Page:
How to make a tuning fork vibrate: the humble pisiform bone

D Ashley R Watson
Med J Aust 2011; 195 (11): . || doi: 10.5694/mja11.11058
Published online: 12 December 2011

A tip for using an old diagnostic tool

While recently observing medical students undertaking an ear, nose and throat examination in an observed structured clinical examination, I watched with interest how each of them attempted to make the tuning fork vibrate. Knowing well that the Rinne and Weber tests were an essential part of the examination technique, they each carefully selected a fork and, almost to a student, proceeded to stumble over the process of making the thing buzz. A couple of students used the heel of their shoe (not particularly decorous), one cracked it on her knee (ouch!), a few tried to squeeze and quickly release the tines (pretty tricky with a C-512 Hz fork), while others, not knowing any better method, gave it a deafening whack on the nearest bit of furniture.

  • School of Clinical Medicine, Australian National University, Canberra, ACT.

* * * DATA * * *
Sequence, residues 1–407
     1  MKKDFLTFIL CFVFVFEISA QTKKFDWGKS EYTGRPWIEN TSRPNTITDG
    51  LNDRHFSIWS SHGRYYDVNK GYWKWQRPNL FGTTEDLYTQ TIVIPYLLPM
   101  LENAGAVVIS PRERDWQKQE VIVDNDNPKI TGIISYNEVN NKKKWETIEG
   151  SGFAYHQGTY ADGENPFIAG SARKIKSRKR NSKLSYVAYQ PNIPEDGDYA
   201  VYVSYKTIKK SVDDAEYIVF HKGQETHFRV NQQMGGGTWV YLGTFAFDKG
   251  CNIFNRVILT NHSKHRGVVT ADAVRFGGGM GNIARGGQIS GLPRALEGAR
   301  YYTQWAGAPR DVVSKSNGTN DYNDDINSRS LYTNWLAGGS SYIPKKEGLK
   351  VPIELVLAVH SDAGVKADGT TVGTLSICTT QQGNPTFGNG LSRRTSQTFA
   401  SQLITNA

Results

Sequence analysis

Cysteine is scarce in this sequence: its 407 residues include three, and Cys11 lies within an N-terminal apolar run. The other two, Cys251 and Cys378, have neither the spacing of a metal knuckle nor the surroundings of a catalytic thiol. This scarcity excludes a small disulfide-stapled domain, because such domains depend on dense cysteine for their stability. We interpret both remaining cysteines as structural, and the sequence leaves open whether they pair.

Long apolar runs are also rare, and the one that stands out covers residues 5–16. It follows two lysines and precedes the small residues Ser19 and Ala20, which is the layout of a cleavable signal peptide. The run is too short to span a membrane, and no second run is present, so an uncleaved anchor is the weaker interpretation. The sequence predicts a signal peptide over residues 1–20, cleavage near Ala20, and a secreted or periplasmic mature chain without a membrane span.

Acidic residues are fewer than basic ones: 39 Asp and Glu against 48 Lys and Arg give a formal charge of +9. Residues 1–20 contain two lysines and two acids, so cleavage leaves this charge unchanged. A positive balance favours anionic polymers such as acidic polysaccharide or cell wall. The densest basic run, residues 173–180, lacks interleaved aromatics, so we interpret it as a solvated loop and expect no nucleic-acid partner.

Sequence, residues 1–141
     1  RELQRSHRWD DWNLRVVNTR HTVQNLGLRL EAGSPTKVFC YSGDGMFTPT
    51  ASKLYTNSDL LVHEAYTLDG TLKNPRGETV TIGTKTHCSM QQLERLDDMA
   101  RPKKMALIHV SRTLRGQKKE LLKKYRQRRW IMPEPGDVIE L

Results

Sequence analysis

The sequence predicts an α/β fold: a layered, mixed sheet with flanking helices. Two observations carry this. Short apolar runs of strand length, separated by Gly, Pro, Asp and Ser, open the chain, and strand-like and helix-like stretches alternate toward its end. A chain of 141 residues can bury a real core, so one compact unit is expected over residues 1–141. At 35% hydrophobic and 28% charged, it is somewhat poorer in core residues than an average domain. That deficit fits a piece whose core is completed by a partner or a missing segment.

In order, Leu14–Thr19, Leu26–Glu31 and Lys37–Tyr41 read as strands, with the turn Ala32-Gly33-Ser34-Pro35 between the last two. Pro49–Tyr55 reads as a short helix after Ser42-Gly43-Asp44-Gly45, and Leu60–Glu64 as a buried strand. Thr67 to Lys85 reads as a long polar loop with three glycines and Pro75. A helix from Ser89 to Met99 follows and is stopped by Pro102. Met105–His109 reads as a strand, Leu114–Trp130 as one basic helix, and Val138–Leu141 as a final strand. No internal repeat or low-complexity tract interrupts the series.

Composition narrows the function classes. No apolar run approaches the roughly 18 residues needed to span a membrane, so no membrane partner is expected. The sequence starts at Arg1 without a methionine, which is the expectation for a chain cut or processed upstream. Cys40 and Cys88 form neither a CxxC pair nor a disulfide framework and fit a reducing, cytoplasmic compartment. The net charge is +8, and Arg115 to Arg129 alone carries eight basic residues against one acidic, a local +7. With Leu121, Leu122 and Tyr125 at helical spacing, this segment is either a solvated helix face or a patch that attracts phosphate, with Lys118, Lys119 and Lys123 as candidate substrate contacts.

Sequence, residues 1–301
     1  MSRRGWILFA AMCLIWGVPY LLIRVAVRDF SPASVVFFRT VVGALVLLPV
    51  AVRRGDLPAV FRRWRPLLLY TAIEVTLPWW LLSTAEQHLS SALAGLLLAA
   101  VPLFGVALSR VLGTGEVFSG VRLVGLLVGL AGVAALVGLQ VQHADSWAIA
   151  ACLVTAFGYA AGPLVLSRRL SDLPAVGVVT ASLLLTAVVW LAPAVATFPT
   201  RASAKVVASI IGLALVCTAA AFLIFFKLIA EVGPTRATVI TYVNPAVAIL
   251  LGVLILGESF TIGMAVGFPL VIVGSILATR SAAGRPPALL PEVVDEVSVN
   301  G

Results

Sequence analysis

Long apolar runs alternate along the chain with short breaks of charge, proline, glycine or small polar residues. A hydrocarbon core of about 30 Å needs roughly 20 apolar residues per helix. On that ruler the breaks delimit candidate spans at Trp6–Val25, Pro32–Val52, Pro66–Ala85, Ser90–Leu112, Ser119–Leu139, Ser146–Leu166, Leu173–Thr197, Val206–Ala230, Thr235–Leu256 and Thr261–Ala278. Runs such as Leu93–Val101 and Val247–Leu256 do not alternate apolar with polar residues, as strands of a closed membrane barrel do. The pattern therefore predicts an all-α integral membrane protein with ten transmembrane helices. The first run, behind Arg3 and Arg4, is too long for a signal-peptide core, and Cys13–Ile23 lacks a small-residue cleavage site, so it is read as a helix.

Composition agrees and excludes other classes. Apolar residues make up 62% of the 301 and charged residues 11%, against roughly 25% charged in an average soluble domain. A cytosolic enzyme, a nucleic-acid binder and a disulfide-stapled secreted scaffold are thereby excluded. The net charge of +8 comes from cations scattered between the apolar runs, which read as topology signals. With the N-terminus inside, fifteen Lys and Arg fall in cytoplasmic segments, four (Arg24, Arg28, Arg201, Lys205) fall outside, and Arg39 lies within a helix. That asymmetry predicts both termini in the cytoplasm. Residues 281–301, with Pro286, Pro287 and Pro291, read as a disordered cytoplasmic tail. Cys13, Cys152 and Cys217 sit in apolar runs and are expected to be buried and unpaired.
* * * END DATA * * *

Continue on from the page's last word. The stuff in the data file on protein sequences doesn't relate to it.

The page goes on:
Competing interests:

No relevant disclosures.

  • 1. Wormald PJ. Clinical examination of the ears and hearing. In: Gleeson M, editor. Scott-Brown’s Otorhinolaryngology: head and neck surgery. 7th ed. London: Edward Arnold, 2008: 3317.


remove_circle_outline Delete Author
add_circle_outline Add Author

Do you have any competing interests to declare? *

I/we agree to assign copyright to the Medical Journal of Australia and agree to the Conditions of publication *
I/we agree to the Terms of use of the Medical Journal of Australia *
Email me when people comment on this article

Online responses are no longer available. Please refer to our instructions for authors page for more information.